February 12, 1809 – Birth of President Lincoln – How Would He Have Fared in the Polls?

Although Lincoln’s reputation is currently quite elevated, he wasn’t so popular while in office. The caliber of insults leveled at him was shocking both in tone and intensity. As President Nixon noted at Lincoln’s birthday ceremony in 1974:

“No President in history was more vilified during his time in the presidency than Lincoln.”

Upon Lincoln’s election, for example, the most esteemed orator in America, Edward Everett, wrote in his diary:

“He is evidently a person of very inferior cast of character, wholly unequal to the crisis.”

[Two years later, Everett spoke right before Lincoln did at Gettysburg. No one remembers what Everett said.]

Lincoln was jeered at for his accent, his clothes, his voice, his story-telling, and his appearance, not to mention, most importantly and subject to the most vituperation, his policies. He was called imbecilic (per Edwin Stanton); idiotic, a coward, and a gorilla (per General McClellan), and newspapers in both the North and the South showed him no respect whatsoever. They condemned him as a traitor, a dictator, “Massa Linkums,” a weakling, pusillanimous, and a murderer.

It is only with his assassination that his popularity ascended.

And now, over 200 years later, he is our hero.


One must feel happy for the young man of thirty-one, who, profoundly depressed and even suicidal, made a confession to his friend Joshua Speed. Years later, in 1866, Speed recalled:

“He said to me that he had done nothing to make any human being remember that he had lived — and that to connect his name with the events transpiring in his day & generation and so impress himself upon them as to link his name with something that would redound to the interest of his fellow man was what he desired to live for…”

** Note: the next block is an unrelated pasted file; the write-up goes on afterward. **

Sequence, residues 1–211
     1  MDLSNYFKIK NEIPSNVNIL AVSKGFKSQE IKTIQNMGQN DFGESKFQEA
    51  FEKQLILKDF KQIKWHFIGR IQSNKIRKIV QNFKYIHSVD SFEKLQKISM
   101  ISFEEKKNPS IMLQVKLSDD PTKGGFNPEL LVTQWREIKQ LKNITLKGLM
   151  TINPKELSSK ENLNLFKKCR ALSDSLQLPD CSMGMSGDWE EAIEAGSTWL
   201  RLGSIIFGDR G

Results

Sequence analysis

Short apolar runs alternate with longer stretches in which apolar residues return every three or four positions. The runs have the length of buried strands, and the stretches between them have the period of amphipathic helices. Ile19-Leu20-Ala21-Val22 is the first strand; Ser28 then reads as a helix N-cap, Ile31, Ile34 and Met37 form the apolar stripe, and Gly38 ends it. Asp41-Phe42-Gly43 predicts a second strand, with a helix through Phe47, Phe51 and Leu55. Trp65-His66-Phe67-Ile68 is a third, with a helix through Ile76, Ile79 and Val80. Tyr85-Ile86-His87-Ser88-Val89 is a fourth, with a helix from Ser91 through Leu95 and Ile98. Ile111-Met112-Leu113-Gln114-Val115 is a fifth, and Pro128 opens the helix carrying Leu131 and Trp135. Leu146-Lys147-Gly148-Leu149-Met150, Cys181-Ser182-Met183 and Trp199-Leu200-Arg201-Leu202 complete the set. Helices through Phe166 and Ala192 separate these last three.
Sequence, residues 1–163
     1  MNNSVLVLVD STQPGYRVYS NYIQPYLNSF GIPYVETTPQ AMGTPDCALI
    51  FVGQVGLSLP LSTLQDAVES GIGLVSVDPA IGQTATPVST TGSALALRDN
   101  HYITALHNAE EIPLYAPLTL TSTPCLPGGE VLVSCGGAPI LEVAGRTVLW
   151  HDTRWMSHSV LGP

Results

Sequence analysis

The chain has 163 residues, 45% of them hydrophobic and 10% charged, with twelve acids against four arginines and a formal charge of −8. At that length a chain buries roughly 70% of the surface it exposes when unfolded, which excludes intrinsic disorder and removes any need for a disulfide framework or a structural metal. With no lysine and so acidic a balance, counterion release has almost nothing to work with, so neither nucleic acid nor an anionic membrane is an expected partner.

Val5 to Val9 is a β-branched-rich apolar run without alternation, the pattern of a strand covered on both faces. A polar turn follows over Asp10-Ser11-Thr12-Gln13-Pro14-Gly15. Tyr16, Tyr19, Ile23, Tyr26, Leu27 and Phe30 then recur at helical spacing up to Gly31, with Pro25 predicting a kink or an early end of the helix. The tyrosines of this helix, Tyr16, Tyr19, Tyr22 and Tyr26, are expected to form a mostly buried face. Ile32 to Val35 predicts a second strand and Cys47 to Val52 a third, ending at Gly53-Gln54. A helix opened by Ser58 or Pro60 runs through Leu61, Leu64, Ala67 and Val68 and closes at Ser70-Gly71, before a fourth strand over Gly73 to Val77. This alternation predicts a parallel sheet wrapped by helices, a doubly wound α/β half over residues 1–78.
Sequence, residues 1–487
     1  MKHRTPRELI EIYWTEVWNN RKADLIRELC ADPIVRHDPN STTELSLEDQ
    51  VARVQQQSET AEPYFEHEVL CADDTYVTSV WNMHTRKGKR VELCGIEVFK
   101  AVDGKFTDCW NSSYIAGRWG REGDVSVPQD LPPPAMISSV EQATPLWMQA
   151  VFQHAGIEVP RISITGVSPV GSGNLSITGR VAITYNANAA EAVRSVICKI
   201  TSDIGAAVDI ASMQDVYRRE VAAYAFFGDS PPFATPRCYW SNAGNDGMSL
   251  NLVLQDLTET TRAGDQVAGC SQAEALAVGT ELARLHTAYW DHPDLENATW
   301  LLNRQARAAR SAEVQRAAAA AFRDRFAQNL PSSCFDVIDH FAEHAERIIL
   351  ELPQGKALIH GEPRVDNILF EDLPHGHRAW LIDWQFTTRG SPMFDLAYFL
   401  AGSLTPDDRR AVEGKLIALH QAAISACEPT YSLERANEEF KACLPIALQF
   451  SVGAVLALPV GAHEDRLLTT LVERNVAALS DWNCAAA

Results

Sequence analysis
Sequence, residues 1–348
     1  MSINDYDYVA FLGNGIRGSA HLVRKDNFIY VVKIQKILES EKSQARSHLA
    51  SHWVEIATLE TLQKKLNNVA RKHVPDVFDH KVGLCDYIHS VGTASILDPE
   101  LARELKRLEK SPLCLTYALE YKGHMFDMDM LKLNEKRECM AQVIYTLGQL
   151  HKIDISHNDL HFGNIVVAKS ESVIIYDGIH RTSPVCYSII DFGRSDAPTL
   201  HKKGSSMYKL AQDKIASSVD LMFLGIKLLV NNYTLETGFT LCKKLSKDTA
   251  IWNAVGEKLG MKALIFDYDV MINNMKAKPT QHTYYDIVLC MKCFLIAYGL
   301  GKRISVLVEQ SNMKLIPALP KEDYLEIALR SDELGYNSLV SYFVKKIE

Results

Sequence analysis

Now, Lincoln’s likeness is everywhere: there are around 200 statues and sculptures of Lincoln in America, which amounts to almost one third of the more than 600 memorials and statues of American presidents. The number of books about him is legion. In fact, a stack of over 15,000 titles was erected in the lobby of the Ford’s Theatre Center for Education and Leadership, and reaches some 34 feet in height.


He even, in 2013, won an Oscar….



About rhapsodyinbooks

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13 Responses to February 12, 1809 – Birth of President Lincoln – How Would He Have Fared in the Polls?

  1. bookingmama says:

    Great post. I had heard a few of those things about Lincoln before. Isn’t it sad that he never realized how much of a difference he made?

  2. jama says:

    Loved this post. Learning these things about him makes me admire and respect him even more — if that’s even possible :)!

  3. Beth F says:

    Awesome post! That photo of the books about him is impressive.

  4. I’m sure he wouldn’t fare any better today, I’m sad to say. Being President is a thankless job – I can’t imagine why anyone would want it.

  5. zibilee says:

    It makes me sad that people didn’t regard Lincoln with respect during his time, because he so radically changed the world, and should have been praised and valued. I am glad that he is remembered fondly now though. It gives me a great feeling to see all those books about him stacked there like that.

  6. Sandy says:

    I often wonder if there will ever be a person/President that can emerge from an election period as a hero. Are there any heroes out there that would even DARE to run? Like Kathy said, who the hell would want it? I find that very very sad.

  7. Trisha says:

    I wonder how many people who radically changed the world were actually respected during their life – no one was universally respected I am sure, but popularly? Interesting.

  8. Time makes everyone better!! 😀

  9. Athira says:

    It’s depressing that he was vilified so much when he was alive. Wish he had a taste then of some of the immense respect that he receives today. Great post!

  10. It is funny to think that many of the great politicians, artists, and, sometimes authors, were once vilified during their lives. People hate change and Lincoln was all about that and got raked over the coals for it. This is a great post. I hope you don’t mind if I feature it tomorrow!

  11. sagustocox says:

    I think any political figure can receive some esteem in hindsight.

  12. Jenners says:

    That one of him in the wifebeater … classic!

  13. stacybuckeye says:

    I’ve always thought that the office of the president should be repected no matter who is in it, but whenever I read of the vile from the very first elections on I realize that it is a fantasy. One I will continue to extol.

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